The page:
The good news: COVID-19 vaccines are on the way. The bad news: So are the scammers.
The Food and Drug Administration is already reviewing vaccines from two manufacturers, Pfizer/BioNTech, and Moderna. That review could wrap up by Christmas.
Experts from the Centers for Disease Control and Prevention recommend the first doses should go to health care workers and people living in long-term care facilities. The rest of us will have to wait.
The Federal Trade Commission warns that scammers are already hard at work while Americans scramble to get vaccinated.
Here’s what you need to know so you don’t fall for a scam:
1. DO NOT PAY: You (probably) won’t have to pay anything out of pocket for the vaccine, since we’re in a public health emergency.
2. NO VIP LIST: You cannot pay to get your name on some VIP list to get the vaccine. The same goes for early access.
3. NEVER GIVE OUT YOUR SOCIAL SECURITY NUMBER: No one from a vaccine distribution site or insurance company will call you asking for your Social Security number, credit card number, or banking information.
4. NO, SOME RANDOM GUY IN SEATTLE OR ALASKA, (OR ANYWHERE ELSE) DOES NOT HAVE CURE: Beware of providers offering other products, treatments, or medicines to prevent the virus. Check with your health care provider before paying for or receiving any COVID-19-related treatment.
Both the FDA and FTC said that people who fall for these false advertisements face grave consequences. Such phony products, which haven’t been subjected to rigorous testing or clinical trials, could make you ill, or worse.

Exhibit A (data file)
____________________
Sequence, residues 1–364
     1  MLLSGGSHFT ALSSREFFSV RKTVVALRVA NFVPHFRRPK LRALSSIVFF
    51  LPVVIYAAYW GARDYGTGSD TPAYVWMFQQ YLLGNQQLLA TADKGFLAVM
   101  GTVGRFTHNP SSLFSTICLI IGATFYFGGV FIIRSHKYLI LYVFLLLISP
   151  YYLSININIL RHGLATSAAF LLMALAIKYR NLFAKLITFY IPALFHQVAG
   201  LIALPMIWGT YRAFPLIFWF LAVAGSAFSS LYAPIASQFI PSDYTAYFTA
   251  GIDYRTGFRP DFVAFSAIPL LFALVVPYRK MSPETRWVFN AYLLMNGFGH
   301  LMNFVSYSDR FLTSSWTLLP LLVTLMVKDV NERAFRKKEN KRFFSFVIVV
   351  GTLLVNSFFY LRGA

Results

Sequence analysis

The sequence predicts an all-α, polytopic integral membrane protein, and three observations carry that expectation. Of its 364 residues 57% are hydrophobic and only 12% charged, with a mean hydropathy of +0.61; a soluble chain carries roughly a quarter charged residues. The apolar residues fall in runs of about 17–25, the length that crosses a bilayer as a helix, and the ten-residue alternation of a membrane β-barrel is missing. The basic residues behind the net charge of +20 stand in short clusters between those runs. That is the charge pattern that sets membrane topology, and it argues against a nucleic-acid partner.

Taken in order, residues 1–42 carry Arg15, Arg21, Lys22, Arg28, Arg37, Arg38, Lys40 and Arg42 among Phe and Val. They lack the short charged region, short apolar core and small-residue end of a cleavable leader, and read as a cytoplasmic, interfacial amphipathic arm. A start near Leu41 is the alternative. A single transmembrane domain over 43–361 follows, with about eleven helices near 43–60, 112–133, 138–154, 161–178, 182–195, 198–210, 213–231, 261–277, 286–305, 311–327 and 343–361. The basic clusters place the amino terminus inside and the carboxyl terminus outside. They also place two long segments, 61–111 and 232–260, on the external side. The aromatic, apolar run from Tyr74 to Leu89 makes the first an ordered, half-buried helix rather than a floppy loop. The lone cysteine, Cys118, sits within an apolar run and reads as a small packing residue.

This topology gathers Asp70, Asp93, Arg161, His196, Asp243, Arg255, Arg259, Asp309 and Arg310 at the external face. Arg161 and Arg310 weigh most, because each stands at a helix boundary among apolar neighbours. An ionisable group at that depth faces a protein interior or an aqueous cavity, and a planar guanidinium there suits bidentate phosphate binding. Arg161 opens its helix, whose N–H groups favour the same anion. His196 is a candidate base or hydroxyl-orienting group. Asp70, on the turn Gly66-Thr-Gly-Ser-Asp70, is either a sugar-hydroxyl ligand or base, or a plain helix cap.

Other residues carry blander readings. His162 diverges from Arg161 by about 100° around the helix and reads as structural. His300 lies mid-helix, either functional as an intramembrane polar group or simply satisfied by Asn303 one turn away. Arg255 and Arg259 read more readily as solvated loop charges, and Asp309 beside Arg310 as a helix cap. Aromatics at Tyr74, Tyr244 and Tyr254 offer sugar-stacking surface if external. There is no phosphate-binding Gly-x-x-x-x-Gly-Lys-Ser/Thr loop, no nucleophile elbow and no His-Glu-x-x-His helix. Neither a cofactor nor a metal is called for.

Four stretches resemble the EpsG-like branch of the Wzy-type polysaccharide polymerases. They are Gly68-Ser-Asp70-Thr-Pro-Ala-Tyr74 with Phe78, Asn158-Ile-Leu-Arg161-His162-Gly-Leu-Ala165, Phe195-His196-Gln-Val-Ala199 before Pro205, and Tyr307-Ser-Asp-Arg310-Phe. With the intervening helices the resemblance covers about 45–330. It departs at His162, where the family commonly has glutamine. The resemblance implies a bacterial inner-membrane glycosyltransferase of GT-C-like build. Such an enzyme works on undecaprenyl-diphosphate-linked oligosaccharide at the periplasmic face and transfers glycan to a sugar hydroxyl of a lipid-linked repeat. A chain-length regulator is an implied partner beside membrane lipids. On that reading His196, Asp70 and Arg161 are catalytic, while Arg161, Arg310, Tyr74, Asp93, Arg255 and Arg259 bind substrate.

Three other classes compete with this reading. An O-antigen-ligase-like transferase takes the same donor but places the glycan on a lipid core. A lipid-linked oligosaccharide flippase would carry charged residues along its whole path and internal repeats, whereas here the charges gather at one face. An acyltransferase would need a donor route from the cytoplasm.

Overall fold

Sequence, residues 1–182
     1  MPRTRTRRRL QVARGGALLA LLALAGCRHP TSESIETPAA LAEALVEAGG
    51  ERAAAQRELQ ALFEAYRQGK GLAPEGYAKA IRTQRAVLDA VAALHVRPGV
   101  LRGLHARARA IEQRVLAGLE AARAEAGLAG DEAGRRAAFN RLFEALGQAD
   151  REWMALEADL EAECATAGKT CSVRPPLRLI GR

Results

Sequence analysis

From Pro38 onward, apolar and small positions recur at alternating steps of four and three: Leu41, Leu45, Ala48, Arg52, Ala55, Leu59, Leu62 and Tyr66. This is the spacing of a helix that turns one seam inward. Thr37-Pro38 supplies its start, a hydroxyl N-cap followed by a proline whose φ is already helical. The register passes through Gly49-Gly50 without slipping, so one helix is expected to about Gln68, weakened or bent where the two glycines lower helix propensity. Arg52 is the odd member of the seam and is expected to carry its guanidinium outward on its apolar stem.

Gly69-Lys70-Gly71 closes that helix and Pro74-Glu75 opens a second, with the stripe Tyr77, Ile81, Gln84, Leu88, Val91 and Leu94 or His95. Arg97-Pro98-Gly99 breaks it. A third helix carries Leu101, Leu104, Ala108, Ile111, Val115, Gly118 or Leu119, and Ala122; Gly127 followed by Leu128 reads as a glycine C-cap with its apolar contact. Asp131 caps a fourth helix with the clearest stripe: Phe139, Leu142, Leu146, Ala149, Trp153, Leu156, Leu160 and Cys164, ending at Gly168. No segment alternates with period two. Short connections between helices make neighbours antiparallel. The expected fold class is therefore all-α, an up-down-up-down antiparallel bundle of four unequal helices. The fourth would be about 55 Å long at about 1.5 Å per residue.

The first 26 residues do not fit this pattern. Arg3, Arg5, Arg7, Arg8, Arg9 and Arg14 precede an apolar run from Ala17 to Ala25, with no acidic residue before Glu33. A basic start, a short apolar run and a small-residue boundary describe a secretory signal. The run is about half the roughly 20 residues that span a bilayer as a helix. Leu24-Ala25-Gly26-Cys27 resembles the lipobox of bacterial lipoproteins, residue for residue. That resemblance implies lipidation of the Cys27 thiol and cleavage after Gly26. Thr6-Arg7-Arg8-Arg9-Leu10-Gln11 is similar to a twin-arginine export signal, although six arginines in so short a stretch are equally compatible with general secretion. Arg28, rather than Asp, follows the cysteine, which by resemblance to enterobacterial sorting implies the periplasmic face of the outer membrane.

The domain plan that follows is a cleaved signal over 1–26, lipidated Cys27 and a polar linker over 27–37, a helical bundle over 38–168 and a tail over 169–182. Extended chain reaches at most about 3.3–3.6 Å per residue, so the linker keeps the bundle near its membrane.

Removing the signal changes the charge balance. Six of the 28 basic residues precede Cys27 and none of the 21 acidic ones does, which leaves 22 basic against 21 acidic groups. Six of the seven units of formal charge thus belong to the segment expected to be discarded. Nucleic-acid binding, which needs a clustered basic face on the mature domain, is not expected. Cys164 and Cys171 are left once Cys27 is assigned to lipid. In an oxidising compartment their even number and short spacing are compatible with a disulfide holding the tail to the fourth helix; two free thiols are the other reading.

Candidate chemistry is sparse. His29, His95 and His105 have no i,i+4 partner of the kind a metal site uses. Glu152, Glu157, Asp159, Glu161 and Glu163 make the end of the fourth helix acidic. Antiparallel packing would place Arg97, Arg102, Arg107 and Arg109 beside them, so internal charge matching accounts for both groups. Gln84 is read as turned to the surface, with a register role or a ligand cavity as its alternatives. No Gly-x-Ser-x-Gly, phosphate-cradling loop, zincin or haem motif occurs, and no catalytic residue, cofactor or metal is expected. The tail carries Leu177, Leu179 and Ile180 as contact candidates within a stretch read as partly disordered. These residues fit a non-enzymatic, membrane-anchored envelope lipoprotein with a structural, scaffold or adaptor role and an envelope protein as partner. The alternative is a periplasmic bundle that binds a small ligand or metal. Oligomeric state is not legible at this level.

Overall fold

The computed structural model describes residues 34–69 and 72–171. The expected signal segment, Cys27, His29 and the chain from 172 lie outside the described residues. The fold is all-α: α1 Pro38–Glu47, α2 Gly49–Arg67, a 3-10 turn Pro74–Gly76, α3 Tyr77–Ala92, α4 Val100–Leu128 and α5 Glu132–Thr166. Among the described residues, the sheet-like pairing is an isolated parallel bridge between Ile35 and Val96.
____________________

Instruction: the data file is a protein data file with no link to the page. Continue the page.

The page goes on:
“The FDA is taking urgent measures to protect consumers from certain products that, without licensure, approval, or authorization by FDA, claim to mitigate, prevent, treat, diagnose, or cure Covid-19 in people … you have offered a product for sale that is intended to mitigate, prevent, treat, diagnose, or cure Covid-19 in people. We request that you take immediate action to cease the sale of such unlicensed, unapproved, and unauthorized products for the mitigation, prevention, treatment, diagnosis, or cure of Covid-19.”
If you get a call, text, email — or even someone knocking on your door — claiming they can get you early access to the vaccine, STOP. That’s a scam. Don’t pay for a promise of vaccine access or share personal information. Instead, report it to the FTC at ReportFraud.ftc.gov or file a complaint with your state or territory attorney general through consumerresources.org, the consumer website of the National Association of Attorneys General.
Here’s the FTC’s info guide with the same main points above: